Because your apologies suck.
“You’re kidding, right?”
Nope. And you’re in good company. In over 30 years as a marriage counselor, I’ve only heard a handful of effective apologies. If apologizing 100 times hasn’t worked, you’re definitely missing something. Here are 5 examples of common ineffective apologies. After each one, I’ll explain why it failed:
- “I get why you’re mad, and I’m really sorry.” An apology isn’t about telling her you understand. It’s about making sure she feels understood.
- “I’m sorry I screwed up, but you leave stuff around all the time!” An effective apology never includes the words “but you…” The words “but you…” nullify any sorry that preceded them. (If you have a complaint, bring it up another time.)
- “I’m sorry I’m such a terrible person. You probably should be with someone else.” This isn’t an apology. It’s a whiny attempt to hide your shame and get her to take care of you. Your sorry should be about her, not you.
- “I’m sorry you didn’t like my joke.” Putting the words “I’m sorry” in a sentence doesn’t make it an apology. If you offend or embarrass your partner, own it. Don’t blame her for being over-sensitive.
- “If you won’t accept my apology, that’s your problem.” Assume that if your partner hasn’t accepted your apology, it’s because she’s still hurt, either because what you did was really horrible, or because she doesn’t feel like you really understand why she still hurts so much.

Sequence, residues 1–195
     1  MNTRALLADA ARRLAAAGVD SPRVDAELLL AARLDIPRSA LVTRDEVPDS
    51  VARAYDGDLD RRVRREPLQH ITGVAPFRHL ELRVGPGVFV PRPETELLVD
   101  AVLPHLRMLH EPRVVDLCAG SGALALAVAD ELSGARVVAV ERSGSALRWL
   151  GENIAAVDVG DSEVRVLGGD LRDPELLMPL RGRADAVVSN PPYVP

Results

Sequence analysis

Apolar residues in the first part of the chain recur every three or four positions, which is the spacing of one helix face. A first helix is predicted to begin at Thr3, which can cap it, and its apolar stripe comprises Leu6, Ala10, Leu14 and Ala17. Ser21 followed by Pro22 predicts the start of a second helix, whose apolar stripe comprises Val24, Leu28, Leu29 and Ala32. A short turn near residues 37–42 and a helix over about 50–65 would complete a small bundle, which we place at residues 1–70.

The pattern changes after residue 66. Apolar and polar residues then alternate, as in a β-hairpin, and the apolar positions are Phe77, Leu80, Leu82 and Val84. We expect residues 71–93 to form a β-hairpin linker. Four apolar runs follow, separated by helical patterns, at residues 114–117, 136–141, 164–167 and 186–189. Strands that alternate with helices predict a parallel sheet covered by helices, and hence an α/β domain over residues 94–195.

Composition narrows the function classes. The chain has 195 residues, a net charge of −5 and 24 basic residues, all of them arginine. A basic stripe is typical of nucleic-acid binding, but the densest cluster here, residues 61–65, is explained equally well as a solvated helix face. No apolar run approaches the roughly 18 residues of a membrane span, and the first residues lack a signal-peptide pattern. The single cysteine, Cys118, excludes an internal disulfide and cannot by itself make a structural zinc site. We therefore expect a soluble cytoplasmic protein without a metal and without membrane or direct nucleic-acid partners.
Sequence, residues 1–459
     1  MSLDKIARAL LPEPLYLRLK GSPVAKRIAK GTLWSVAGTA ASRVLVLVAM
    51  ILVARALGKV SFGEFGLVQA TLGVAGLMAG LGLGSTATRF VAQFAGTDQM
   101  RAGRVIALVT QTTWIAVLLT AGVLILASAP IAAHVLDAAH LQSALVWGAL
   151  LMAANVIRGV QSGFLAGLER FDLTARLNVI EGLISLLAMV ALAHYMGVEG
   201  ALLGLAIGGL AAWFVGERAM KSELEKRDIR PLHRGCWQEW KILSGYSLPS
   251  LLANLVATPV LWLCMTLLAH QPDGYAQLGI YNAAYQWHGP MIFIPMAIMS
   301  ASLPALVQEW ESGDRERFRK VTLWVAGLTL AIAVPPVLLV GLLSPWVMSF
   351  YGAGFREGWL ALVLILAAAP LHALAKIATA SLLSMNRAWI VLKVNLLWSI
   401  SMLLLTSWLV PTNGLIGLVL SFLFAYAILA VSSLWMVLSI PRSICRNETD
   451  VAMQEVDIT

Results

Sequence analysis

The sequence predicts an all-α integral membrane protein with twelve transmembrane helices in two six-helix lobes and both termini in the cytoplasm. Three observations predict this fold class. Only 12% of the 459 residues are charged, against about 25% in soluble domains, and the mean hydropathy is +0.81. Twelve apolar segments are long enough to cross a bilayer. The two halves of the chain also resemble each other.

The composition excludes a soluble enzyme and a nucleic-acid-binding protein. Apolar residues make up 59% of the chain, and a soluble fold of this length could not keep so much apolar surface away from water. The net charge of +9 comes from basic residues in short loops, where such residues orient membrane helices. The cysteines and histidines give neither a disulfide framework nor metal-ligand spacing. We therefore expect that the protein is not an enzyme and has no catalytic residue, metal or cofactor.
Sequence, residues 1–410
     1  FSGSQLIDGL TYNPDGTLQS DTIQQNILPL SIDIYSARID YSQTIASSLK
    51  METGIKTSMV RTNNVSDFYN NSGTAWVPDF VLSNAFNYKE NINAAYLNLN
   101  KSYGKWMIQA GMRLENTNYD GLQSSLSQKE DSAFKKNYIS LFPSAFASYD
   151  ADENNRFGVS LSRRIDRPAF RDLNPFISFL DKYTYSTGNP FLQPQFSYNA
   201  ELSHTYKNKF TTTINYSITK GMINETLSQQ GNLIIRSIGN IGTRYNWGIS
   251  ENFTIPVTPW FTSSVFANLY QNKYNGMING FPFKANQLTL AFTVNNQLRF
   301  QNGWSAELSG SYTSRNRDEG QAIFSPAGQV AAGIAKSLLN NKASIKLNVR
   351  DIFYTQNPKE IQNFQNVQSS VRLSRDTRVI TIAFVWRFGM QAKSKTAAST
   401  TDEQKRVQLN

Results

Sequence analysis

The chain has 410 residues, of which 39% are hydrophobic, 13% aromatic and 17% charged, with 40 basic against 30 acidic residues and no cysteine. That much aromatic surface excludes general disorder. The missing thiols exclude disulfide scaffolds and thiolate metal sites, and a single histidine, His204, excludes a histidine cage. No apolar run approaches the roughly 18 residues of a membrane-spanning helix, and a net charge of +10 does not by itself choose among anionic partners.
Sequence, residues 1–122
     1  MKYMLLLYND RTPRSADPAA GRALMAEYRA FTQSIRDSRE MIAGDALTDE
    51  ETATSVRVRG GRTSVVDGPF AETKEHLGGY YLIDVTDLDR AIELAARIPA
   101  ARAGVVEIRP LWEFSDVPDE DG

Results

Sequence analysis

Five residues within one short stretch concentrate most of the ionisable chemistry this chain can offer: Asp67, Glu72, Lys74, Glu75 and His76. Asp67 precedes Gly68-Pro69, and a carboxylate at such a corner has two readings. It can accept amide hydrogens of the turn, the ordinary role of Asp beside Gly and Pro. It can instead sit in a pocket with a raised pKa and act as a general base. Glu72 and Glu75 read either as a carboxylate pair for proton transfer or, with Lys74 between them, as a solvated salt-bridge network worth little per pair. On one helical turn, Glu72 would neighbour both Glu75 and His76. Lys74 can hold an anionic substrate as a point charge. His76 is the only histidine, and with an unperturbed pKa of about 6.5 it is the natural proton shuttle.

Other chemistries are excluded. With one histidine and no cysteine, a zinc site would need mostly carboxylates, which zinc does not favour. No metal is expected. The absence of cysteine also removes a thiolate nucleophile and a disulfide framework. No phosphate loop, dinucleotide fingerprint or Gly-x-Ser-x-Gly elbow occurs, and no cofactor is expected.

It’s important to remember:
- Apologies aren’t Get-Out-of-Jail-Free cards. They require genuine humility and patience.
- If your apology includes sarcasm, blame, or self-pity, it will only make matters worse.
- An apology isn’t a light switch. Neither is forgiveness.
- Healing begins with a heartfelt Sorry, and includes a promise–and a plan–to do things different next time.
If you want help constructing an effective apology, download my free communication app at the App Store, and fill out a Sorry card. Once you do, all this will make perfect sense. You’ll get to experience what it’s like to apologize effectively, and you can send your apology directly from the app.
Here’s an example of the first part of a completed Sorry Ecard. Next to it is most of the finished card. The actual checklists have dozens of choices. The example only shows a few, just to give you an idea of how the cards work: